The dramatic rise in the price of jet fuel has caused airplanes to rise, with industry experts saying that it should. However, in the meantime, consumers who are hungry for travel seem to be willing to pay.
Jet fuel prices have been steadily declining since Russia’s invasion of Ukraine caused them to rise sharply last month, but the market remains volatile. The problem is particularly acute in New York, where oil prices have quadrupled to $ 7.50 a gallon before returning to $ 5.30 in recent days.
Shopping is very difficult and prices have gone up all over the country. The Department of Energy this week said the amount of jet fuel on the East Coast stood at 6.5 million barrels, the lowest since the agency began tracking the system in 1990.
“Jet fuel has run at an astonishing rate that I have never seen in any other fuel,” said Tom Kloza, global energy research chief at Oil Price Information Service. “He’s just crazy.”
Prices are no longer the result of airfare and global inflation. On Wednesday, for example, Amazon announced plans to impose “extra fuel and rising prices” on retailers whose stocks store and deliver.
Airlines can offer some of their extra fuel costs to consumers, many of whom are eager to travel after being denied access for two years.
Earlier this year, the average return trip home was $ 235, according to Hopper, an airline tracking program. Since then, ticket prices have risen 40 percent, to $ 330. Adit Damodaran, an economist at Hopper, who monitors airline and hotel prices, said the company expects another 10 percent increase, up to $ 360, by the end of May, before prices fall again in the summer.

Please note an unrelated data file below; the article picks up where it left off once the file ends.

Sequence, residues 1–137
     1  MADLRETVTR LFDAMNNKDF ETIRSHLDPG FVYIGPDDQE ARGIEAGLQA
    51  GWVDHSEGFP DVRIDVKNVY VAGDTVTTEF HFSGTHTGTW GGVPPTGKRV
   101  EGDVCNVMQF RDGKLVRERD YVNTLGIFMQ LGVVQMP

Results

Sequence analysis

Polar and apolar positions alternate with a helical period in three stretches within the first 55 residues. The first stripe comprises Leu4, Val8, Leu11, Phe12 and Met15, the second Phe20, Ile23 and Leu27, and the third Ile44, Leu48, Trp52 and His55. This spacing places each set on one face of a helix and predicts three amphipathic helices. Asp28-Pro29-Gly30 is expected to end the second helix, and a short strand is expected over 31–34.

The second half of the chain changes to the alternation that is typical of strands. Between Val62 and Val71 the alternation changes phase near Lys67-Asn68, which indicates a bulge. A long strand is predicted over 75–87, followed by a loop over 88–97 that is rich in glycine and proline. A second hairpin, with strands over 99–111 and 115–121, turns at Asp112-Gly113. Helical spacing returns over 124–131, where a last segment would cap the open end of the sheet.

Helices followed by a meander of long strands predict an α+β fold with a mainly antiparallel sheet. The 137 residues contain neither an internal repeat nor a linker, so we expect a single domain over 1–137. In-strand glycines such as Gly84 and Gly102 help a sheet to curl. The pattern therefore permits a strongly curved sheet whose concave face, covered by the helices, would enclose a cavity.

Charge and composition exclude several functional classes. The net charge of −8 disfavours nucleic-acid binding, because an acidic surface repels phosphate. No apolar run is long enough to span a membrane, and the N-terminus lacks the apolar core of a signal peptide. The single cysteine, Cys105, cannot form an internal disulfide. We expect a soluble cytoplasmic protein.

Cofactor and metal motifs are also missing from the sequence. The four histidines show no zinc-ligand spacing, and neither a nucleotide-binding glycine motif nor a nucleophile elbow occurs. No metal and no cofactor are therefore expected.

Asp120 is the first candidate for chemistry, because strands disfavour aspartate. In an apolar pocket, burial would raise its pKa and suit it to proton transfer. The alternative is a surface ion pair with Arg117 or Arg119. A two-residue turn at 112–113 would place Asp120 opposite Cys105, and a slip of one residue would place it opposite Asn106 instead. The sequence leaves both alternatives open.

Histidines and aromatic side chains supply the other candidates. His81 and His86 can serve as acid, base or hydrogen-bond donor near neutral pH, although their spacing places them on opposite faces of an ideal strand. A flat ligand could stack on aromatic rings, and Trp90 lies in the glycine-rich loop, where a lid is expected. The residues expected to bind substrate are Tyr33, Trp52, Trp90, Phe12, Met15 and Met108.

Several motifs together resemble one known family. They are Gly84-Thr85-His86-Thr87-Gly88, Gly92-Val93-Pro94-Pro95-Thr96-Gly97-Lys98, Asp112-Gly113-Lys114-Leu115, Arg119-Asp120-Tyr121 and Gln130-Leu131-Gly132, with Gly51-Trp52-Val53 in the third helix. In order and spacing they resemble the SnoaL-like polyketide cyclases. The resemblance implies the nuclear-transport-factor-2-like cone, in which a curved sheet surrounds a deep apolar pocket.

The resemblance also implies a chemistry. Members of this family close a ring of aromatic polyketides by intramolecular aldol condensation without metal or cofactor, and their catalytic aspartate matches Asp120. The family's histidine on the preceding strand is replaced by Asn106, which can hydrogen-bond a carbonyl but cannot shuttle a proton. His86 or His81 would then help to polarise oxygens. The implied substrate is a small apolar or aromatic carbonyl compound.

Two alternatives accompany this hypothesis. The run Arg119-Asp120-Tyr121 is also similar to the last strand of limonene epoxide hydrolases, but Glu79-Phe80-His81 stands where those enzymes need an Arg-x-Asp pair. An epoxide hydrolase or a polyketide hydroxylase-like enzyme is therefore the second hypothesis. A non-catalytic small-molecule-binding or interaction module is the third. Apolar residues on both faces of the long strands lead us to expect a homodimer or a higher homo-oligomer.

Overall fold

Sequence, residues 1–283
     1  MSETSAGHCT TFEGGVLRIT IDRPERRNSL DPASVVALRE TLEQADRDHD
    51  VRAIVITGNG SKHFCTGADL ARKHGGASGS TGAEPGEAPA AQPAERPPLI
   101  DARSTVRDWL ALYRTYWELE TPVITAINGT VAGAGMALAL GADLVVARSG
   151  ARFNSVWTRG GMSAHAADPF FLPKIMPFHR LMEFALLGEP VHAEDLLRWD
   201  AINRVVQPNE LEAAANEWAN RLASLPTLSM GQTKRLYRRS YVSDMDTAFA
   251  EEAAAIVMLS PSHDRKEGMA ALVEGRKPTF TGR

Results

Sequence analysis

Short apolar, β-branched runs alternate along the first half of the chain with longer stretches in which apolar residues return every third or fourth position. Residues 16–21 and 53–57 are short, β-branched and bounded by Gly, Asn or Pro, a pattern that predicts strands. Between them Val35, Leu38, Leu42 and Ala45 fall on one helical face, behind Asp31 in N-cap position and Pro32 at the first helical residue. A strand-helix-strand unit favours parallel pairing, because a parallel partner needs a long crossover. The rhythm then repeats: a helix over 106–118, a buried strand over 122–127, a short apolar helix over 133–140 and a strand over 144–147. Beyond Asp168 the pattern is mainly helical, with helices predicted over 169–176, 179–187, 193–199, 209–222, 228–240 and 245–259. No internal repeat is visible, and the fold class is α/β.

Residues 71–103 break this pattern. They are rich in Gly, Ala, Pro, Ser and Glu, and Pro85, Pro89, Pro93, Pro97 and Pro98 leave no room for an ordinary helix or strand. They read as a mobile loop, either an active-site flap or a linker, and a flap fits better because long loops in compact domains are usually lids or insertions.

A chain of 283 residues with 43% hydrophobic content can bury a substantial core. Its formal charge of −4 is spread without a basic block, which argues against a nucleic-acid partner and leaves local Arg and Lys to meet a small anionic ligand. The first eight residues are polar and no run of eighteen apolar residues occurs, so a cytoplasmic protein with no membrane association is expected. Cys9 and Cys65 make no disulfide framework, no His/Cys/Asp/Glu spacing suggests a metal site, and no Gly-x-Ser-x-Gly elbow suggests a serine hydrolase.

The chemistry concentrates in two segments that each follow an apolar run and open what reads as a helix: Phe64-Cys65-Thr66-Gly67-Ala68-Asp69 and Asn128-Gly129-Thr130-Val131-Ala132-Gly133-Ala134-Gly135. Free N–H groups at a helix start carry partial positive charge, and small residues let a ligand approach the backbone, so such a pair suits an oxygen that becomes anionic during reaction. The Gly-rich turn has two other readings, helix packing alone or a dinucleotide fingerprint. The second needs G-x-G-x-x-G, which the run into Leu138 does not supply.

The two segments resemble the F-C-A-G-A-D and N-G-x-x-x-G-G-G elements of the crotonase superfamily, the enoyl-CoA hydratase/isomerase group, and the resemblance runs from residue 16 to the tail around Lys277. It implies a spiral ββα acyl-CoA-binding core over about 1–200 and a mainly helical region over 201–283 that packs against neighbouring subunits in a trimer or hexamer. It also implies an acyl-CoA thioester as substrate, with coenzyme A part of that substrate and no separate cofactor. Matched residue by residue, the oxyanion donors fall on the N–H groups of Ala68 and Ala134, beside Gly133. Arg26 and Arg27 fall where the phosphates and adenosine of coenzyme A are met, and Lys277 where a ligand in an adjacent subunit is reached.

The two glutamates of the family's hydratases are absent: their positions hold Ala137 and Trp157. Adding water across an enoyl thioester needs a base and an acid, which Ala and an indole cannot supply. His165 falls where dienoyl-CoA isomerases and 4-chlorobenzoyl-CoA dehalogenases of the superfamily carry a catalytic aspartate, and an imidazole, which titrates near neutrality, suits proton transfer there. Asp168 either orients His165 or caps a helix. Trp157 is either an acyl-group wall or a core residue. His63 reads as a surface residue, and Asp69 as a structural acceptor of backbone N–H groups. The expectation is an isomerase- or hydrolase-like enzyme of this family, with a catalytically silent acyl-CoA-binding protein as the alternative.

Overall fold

“It’s not just the modern prices that travelers pay more compared to history, but also the rise has been the highest since January,” he said.
In addition to the high cost of jet fuel, Damodaran said, the flight could also be due to the weather and the need for early landing as the Omicron coronavirus spreads.
Some airlines have also reduced flights due to reduced staffing, resulting in greater competition and the cost of the remaining flights.
Carriers usually supply buyers with about 60 percent of the constant rise in fuel prices, experts said, a process that often takes months. However, this time around, these companies have been able to spend money quickly, largely due to the high demand and changes in consumer behavior during the ticket-buying epidemic near the day of travel.